A Florida court ruling brought good news Thursday for a state waiting period law that helps protect women from being rushed into aborting their unborn babies.
The law, which passed in 2015, requires that women wait 24 hours before going through with an abortion, but it is not in effect. The American Civil Liberties Union and a Gainesville abortion facility challenged the law, and the Florida Supreme Court temporarily blocked the state from enforcing it.
On Thursday, however, the First District Court of Appeals ruled that a lower court should have given the case a full trial, and sent it back for further review, the AP reports.
Alliance Defending Freedom legal counsel Denise Harle praised the appeals court for its decision.
“Abortion is a life-altering decision, and no woman should be rushed or pressured into it,” Harle said. “Abortion advocates, with the help of the ACLU, sought to strike down this commonsense protection for women, even though the U.S. Supreme Court already upheld a similar law.”
Waiting periods are an important part of the informed consent process before a woman goes through with aborting her unborn baby. They give pregnant mothers time to consider information about the risks of abortion, their unborn baby’s development and the support available if they choose life. They also help protect women from making hasty, uninformed decisions that they later may regret.
The appeals court said the state produced evidence supporting the constitutionality of the law, and it deserves further review by the lower court.
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Here’s more from the AP:
That evidence included medical experts who said no other non-emergency, outpatient invasive procedure is done on demand without a prior consultation. The appeals court said ACLU and Bread and Roses Women’s Health Center decided to stand pat with the argument it used before the Supreme Court instead of countering the state’s new evidence.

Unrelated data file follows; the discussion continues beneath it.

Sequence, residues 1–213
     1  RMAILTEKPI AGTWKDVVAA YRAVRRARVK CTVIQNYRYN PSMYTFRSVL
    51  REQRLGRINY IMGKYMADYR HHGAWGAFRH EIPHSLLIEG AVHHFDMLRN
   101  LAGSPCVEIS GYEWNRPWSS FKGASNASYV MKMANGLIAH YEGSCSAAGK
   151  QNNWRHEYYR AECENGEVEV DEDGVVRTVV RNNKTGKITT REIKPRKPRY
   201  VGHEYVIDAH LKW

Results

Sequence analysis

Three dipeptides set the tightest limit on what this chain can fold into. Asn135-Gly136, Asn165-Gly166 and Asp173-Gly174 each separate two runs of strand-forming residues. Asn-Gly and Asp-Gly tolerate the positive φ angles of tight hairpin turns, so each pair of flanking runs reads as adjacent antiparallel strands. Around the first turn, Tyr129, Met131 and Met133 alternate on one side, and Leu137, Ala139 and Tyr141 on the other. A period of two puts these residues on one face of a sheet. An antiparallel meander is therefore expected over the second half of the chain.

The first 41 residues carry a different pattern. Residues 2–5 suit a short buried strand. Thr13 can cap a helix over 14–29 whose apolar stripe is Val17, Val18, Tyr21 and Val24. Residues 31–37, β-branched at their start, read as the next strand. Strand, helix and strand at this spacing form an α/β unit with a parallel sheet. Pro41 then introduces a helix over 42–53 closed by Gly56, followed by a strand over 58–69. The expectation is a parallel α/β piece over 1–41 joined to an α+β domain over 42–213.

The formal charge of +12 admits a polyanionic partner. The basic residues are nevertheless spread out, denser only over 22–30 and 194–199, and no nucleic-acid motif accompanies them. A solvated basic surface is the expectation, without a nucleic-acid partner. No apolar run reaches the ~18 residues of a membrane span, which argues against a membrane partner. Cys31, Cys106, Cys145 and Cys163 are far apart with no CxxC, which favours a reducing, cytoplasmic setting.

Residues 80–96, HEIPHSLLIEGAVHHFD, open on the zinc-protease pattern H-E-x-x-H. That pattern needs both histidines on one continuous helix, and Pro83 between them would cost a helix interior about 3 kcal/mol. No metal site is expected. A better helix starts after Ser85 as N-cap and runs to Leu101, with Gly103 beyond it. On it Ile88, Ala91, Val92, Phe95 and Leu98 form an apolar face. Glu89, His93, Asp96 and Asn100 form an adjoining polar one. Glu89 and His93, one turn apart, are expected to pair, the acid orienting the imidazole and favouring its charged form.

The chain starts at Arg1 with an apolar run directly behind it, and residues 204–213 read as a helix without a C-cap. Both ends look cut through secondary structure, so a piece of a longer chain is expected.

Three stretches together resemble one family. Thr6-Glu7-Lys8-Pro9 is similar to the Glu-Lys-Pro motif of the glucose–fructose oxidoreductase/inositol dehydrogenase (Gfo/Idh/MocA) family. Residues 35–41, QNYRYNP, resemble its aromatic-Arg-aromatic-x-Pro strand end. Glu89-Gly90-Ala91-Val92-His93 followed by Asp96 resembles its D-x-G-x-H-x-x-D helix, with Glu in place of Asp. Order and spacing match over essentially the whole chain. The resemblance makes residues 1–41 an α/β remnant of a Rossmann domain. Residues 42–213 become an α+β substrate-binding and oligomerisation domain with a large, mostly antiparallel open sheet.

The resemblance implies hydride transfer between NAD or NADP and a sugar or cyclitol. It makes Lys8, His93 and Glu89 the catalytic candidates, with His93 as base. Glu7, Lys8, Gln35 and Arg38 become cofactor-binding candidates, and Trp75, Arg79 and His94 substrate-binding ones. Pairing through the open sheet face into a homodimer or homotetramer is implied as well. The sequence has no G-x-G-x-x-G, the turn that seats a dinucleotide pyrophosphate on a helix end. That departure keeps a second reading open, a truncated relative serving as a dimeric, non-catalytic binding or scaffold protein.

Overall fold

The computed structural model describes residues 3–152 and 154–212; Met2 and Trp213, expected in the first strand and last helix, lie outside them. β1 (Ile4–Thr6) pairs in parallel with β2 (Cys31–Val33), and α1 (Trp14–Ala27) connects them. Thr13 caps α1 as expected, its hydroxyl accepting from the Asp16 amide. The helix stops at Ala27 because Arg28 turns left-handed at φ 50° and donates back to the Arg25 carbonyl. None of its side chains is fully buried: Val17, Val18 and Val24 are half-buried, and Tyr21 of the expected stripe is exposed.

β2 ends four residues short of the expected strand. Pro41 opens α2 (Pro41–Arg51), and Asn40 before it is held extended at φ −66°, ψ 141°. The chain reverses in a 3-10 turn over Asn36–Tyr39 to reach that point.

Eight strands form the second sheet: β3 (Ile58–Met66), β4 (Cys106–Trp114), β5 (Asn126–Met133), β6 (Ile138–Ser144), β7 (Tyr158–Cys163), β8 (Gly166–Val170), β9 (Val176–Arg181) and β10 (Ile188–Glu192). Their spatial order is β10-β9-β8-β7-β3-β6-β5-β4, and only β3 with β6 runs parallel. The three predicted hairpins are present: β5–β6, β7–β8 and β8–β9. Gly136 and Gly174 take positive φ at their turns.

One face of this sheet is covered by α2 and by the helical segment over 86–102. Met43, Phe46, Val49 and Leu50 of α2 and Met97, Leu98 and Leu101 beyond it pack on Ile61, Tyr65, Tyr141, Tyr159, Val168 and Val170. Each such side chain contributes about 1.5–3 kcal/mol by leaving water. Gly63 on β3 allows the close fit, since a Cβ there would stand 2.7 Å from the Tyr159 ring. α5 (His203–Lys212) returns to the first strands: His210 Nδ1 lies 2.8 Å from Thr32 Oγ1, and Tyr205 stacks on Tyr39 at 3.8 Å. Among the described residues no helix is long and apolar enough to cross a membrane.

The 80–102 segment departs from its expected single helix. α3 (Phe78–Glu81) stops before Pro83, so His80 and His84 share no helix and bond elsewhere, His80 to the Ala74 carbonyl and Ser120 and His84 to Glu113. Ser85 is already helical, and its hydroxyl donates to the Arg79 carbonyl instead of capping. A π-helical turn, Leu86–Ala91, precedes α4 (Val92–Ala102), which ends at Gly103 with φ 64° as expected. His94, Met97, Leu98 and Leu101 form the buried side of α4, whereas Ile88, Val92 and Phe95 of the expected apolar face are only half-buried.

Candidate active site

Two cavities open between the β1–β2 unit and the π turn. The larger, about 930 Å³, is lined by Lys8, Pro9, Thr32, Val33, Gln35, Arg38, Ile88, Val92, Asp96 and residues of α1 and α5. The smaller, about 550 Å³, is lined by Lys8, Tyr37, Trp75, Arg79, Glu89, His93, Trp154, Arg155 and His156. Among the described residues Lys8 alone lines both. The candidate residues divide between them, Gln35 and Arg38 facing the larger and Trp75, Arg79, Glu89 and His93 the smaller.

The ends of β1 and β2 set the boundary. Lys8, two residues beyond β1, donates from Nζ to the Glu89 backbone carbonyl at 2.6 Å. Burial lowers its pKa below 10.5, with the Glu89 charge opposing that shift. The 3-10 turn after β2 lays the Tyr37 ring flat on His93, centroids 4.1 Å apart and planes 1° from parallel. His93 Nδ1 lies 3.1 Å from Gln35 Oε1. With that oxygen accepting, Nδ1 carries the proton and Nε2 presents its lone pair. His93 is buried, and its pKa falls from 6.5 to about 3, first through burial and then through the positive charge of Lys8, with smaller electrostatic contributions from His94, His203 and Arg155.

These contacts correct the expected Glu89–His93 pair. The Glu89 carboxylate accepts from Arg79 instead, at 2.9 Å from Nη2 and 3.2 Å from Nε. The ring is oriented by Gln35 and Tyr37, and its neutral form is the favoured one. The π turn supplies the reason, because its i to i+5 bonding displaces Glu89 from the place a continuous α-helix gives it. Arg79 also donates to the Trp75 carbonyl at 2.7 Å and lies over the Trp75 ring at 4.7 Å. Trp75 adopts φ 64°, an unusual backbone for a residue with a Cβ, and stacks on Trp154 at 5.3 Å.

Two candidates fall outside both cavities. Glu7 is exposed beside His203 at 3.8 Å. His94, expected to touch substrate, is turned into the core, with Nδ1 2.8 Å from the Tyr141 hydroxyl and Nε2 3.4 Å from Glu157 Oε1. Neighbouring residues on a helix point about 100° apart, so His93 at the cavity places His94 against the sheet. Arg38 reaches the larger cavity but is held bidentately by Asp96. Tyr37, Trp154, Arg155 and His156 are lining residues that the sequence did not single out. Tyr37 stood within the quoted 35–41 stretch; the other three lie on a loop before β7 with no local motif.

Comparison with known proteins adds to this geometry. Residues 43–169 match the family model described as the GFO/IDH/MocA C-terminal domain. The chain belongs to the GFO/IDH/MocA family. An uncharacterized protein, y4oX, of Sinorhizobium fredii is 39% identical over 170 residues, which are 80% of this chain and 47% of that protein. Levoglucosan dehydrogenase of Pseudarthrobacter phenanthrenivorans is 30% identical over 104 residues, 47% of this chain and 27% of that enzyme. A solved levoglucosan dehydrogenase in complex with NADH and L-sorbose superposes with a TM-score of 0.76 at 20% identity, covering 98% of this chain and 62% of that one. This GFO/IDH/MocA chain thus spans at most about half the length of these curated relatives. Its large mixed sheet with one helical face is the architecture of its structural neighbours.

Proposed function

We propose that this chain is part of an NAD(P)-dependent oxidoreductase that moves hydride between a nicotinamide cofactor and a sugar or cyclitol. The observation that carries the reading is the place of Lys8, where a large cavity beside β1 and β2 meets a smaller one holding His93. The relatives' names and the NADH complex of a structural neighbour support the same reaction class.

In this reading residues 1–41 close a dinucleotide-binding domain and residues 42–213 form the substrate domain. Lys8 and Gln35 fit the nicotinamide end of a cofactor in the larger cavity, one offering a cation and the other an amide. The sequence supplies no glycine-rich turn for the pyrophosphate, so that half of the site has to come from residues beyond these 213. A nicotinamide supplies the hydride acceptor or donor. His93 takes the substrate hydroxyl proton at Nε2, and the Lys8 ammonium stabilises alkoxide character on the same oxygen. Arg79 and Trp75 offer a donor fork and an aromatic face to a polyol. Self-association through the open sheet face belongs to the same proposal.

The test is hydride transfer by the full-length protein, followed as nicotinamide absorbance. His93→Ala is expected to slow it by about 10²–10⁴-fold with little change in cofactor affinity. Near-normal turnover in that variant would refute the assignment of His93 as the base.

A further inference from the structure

“We are disappointed that the court failed to recognize what we all know — a 24-hour delay was designed to and plainly does unnecessarily restrict access to safe and legal reproductive health care. We look forward to proving these facts at trial,” Benjamin Stevenson, a lawyer for ACLU of Florida, said in an emailed statement.
Harle said the appeals court recognized the evidence in support of a waiting period, including abortion risks and standard medical practices.
“The appeals court noted evidence from medical experts that the standard of care for significant, non-emergency medical procedures is that they are not and should not be done on a drop-in basis,” she said. “The court also described evidence of the ‘mental health effects and negative outcomes’—including suicide—associated with women who undergo abortions without adequate time to process the serious consequences and come to a place of certainty.”
She said the court’s decision to reverse the lower court ruling was “on solid ground.”
Many states have abortion waiting periods as part of their informed consent requirements. According to the Guttmacher Institute, 34 states require informed consent counseling, and 27 have waiting periods ranging from 24 to 72 hours.
When they adopted the legislation, members of the Florida legislature pointed out how similar laws in other states have saved babies and their mothers from abortions.
“This is not a procedure — it is a life,” said State Rep. Jimmie Smith. Referring to the bill’s author, freshman Rep. Jennifer Sullivan, Smith added, “Representative Sullivan, the greatest consequence of your bill is a beautiful baby.”
“I am here today as an advocate for those women who are being pressured,” Rep. Sullivan said, according to Margie Menzel of the News Service of Florida.
Elected at age 23, Sullivan said she has witnessed pressure placed upon women by their loved ones — especially a spouse or a boyfriend — to make a hasty decision about having abortions.
“I care about the women who have sat in my office,” she said. “I care about the women who have cried in committee.”
During the debate in the state Senate, Sen. Anitere Flores, one of the bill sponsors, said, “One day to reflect upon the risks of abortion, one day to view an image of the unborn child’s ultrasound image, and one day to consult with friends, family and faith are minimal considering the effects that will remain for a lifetime beyond that irreversible decision.”
A 2014 Rasmussen poll found that Americans favor waiting periods for abortions.